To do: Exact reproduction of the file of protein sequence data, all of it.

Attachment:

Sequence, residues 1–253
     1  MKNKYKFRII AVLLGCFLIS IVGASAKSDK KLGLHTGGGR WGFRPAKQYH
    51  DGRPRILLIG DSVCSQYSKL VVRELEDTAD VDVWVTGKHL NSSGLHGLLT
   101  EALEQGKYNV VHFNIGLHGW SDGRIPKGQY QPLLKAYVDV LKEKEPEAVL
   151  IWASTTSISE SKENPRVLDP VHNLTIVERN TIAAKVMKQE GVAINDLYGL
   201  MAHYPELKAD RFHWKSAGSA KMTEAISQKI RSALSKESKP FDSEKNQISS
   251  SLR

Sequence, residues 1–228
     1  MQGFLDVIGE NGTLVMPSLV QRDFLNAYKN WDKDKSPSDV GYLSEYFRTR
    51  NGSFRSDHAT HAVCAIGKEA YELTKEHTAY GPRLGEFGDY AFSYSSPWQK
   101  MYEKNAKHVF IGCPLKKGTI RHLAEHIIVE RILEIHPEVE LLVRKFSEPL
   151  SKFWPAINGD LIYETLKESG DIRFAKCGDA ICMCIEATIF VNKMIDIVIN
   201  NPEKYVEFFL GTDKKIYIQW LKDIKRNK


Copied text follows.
Sequence, residues 1–253
     1  MKNKYKFRII AVLLGCFLIS IVGASAKSDK KLGLHTGGGR WGFRPAKQYH
    51  DGRPRILLIG DSVCSQYSKL VVRELEDTAD VDVWVTGKHL NSSGLHGLLT
   101  EALEQGKYNV VHFNIGLHGW SDGRIPKGQY QPLLKAYVDV LKEKEPEAVL
   151  IWASTTSISE SKENPRVLDP VHNLTIVERN TIAAKVMKQE GVAINDLYGL
   201  MAHYPELKAD RFHWKSAGSA KMTEAISQKI RSALSKESKP FDSEKNQISS
   251  SLR

Sequence, residues 1–228
     1  MQGFLDVIGE NGTLVMPSLV QRDFLNAYKN WDKDKSPSDV GYLSEYFRTR
    51  NGSFRSDHAT HAVCAIGKEA YELTKEHTAY GPRLGEFGDY AFSYSSPWQK
   101  MYEKNAKHVF IGCPLKKGTI RHLAEHIIVE RILEIHPEVE LLVRKFSEPL
   151  SKFWPAINGD LIYETLKESG DIRFAKCGDA ICMCIEATIF VNKMIDIVIN
   201  NPEKYVEFFL GTDKKIYIQW LKDIKRNK